Tuesday, December 05, 2017

Happy Mondays, "Bummed" (2007 collector's edition)

If this does turn out to be "The Last CD", I figured I should write something about it.  And oddly enough, it's the only Happy Mondays album (pre-reunion) that I've never heard (in particular, "Happy Mondays Live" is the one I used to play endlessly).

I can scarcely imagine what a first time listener would think of Happy Mondays nearly thirty years on.  The earlier generation had their prized west coast psych bands to lionize, bands that burned brightly and burned out.  If you couldn't understand the reasons for all the mania by listening to the records (which now sound tame) well then you had to be there.  My generation has bands like Happy Mondays, who were also more like a scene than a band.  Their main foils The Stone Roses' music was rooted in classic rock staples (Byrds, Zeppelin) and can be enjoyed without reference to Madchester catchphrases or gossip tidbits from issues of NME from 1989.  For anyone under the age of 35, watching or re-watching the second half of "24 Hour Party People" will acclimate you to the Monday's appeal faster than listening to any of their albums will.

"Bummed" turns out to be a major disappointment.  John Cale was the perfect producer for the pre-Madchester version of the Mondays.  On their debut, he knew how to polish their minimal grind-funk into a listenable product despite (and even highlighting) the rough edges.  A wasted Martin Hannett adding echo and reverb at 4 AM before rushing out to join the party in the next room (most likely) doesn't pass the grade.  Most of "Bummed" sounds like an extension of their debut, it's clear they were running out of ideas and were carrying on because they could, and getting away with everything because their label actively encouraged their notoriety.  Early Joy Division could come off as amateurish and full of errors as well, but they were driven, stayed driven, and improved immensely.  Early Mondays was sloppy rock with a purpose, but on "Bummed", the main purpose was to stick to the formula and apply just enough effort to keep the party going as long as possible.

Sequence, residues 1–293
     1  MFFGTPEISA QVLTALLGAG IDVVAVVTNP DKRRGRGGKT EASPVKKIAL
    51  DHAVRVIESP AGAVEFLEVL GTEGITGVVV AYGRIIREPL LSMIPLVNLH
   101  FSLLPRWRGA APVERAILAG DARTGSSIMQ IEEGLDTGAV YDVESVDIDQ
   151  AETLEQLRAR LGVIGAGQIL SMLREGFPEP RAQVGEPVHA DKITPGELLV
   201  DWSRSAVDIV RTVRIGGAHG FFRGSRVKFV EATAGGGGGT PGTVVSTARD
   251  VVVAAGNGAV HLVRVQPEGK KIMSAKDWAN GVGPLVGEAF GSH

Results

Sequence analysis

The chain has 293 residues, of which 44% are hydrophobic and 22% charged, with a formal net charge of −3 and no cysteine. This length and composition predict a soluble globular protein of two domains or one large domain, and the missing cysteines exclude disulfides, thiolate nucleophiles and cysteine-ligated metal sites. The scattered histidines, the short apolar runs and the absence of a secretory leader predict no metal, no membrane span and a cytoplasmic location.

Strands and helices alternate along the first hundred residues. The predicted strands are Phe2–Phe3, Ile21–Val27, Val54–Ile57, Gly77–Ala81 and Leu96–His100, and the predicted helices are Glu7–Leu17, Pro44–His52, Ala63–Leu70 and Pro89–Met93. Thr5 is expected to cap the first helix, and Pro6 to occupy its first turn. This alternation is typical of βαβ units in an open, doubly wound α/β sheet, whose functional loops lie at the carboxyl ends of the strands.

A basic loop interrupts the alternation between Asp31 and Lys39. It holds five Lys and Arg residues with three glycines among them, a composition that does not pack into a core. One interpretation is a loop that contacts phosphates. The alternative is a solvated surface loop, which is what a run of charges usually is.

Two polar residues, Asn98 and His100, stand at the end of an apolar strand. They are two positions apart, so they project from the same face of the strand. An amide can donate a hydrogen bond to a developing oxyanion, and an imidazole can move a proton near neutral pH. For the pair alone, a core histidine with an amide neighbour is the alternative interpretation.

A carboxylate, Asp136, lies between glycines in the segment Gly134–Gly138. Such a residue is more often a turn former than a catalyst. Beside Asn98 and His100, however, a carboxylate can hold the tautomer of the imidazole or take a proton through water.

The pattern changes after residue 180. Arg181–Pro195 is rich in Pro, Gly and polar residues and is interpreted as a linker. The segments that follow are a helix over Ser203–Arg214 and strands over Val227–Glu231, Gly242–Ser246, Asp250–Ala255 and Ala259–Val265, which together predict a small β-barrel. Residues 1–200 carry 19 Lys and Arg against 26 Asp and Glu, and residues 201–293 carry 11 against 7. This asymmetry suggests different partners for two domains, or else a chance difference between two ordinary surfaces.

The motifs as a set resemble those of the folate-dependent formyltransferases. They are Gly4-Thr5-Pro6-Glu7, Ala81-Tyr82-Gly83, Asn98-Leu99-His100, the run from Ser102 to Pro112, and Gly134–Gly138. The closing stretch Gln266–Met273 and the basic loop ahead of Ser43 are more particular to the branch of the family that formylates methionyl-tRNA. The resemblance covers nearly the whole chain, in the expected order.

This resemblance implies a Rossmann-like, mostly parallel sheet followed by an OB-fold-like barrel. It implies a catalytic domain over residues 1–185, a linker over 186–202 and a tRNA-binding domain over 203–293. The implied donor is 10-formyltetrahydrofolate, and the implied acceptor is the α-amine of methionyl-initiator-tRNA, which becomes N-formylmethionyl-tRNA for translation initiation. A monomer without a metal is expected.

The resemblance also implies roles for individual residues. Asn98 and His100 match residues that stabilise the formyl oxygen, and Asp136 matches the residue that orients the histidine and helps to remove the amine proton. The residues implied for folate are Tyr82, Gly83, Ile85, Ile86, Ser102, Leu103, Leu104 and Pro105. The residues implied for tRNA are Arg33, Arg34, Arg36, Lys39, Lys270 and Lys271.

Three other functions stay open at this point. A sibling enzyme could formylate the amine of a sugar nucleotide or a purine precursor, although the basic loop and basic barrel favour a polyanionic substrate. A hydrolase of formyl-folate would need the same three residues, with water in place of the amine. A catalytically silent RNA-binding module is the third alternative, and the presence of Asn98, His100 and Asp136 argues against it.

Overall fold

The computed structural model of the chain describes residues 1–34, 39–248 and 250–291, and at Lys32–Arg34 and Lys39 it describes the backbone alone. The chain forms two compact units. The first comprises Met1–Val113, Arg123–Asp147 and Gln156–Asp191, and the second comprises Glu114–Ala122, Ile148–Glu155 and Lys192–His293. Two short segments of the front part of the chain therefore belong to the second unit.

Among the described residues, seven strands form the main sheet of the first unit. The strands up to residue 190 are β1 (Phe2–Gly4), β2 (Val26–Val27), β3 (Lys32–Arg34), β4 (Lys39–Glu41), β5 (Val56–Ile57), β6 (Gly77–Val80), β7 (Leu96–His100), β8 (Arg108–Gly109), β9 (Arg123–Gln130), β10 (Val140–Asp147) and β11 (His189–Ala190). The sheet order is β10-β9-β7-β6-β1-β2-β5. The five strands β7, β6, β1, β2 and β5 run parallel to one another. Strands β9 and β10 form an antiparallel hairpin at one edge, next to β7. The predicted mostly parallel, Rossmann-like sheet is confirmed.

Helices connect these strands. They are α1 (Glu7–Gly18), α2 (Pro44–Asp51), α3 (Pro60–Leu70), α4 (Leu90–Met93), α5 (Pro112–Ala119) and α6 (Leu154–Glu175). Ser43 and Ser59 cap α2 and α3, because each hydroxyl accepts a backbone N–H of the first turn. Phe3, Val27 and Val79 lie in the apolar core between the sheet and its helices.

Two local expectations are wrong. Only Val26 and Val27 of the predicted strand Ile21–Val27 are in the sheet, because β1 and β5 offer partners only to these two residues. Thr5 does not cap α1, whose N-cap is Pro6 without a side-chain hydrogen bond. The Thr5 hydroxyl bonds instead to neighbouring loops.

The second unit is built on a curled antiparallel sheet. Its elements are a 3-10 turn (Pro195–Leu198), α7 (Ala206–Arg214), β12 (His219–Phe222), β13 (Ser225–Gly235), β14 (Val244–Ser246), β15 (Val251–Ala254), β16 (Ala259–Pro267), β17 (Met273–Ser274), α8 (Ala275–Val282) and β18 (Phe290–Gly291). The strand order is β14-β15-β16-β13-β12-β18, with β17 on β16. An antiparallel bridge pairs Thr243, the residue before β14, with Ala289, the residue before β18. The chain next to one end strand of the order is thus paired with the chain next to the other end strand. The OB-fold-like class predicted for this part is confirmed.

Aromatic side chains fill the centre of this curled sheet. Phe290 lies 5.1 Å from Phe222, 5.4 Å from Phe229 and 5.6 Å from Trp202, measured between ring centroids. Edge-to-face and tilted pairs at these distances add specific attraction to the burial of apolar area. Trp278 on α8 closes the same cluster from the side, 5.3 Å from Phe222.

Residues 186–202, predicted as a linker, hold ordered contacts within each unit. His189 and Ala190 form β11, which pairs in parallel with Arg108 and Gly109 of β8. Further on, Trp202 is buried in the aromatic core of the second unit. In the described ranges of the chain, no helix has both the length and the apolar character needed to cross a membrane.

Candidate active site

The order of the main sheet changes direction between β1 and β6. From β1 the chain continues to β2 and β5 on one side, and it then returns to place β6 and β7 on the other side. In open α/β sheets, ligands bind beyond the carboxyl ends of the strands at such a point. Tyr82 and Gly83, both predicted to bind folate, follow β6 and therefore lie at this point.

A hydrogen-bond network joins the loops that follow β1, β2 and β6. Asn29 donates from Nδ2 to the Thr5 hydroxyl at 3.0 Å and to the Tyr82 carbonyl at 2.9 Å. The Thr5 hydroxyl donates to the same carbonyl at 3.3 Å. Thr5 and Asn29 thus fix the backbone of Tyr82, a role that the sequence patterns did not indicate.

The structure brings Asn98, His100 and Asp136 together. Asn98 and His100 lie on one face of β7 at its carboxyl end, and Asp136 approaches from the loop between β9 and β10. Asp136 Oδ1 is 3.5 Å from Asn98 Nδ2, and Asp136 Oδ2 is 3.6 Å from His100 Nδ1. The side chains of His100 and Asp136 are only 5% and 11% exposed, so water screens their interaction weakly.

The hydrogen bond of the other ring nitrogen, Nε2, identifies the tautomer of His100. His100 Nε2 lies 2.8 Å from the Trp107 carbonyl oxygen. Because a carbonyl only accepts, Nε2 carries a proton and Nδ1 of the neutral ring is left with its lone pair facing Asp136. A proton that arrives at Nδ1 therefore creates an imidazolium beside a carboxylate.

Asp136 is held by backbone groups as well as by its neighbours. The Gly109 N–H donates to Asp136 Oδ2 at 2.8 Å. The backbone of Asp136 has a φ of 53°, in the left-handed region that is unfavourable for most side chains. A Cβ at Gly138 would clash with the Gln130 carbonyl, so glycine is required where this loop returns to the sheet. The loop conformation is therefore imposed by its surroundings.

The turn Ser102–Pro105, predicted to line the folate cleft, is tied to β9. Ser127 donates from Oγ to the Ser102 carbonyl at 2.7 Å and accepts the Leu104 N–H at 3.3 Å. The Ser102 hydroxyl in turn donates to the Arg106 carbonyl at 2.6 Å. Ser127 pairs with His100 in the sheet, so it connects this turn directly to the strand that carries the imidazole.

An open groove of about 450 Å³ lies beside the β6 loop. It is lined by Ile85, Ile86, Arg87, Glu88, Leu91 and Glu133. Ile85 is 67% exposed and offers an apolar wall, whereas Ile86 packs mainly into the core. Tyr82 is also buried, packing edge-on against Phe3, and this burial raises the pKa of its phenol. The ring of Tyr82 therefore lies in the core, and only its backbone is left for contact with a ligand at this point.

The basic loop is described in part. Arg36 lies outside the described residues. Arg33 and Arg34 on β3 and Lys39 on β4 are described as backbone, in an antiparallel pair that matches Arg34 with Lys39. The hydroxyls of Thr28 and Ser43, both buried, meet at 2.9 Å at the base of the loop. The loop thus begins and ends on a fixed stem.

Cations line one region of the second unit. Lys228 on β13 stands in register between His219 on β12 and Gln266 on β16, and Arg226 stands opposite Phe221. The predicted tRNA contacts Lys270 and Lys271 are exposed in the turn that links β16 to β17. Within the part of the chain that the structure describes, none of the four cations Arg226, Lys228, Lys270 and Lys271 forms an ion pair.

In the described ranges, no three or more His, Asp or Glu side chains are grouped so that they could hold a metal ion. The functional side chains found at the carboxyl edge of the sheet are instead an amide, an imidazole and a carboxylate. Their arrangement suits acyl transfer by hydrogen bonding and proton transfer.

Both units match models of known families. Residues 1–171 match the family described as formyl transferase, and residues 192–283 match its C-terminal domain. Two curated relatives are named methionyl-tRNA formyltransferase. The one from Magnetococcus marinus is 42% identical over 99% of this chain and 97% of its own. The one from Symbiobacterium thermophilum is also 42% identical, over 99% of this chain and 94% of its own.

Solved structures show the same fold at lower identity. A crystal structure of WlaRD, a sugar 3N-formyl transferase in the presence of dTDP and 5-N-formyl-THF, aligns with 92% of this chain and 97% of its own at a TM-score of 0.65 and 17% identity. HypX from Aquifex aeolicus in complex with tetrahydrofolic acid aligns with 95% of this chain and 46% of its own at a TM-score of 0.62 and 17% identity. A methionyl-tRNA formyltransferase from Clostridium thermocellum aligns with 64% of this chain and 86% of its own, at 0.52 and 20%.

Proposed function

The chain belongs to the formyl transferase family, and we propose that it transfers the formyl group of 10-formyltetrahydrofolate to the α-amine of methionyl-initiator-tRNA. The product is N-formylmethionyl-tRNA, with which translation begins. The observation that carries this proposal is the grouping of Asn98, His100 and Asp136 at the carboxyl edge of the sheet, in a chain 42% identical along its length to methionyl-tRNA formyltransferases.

However, the bonus tracks and remixes on the reissue still sound groovy and inspired. Listening to both discs together really accentuates to which degree these remixes transformed everything Mondays were about (at least on record), turning them from just another forgotten late 80's UK indie band into a fresh, dance-rock monster for the 90's.  Remixes of "Hallelujah" and "Wrote For Luck" became the standard radio-friendly versions, and were more well known than the originals.  This studio dressup game worked for a short while.  Unlike Primal Scream, who also never requested their image makeover but were able to run with it in the long term once it happened, once the Mondays had to actually become that dance-rock band (rather than a ramshackle rock band getting the all-star remix treatment), they fell apart rather quickly.  Paul Oakenfold turned the follow-up, "Pills 'n' Thrills and Bellyaches" into a near classic, but in retrospect it was undoubtedly their "New Jersey".     

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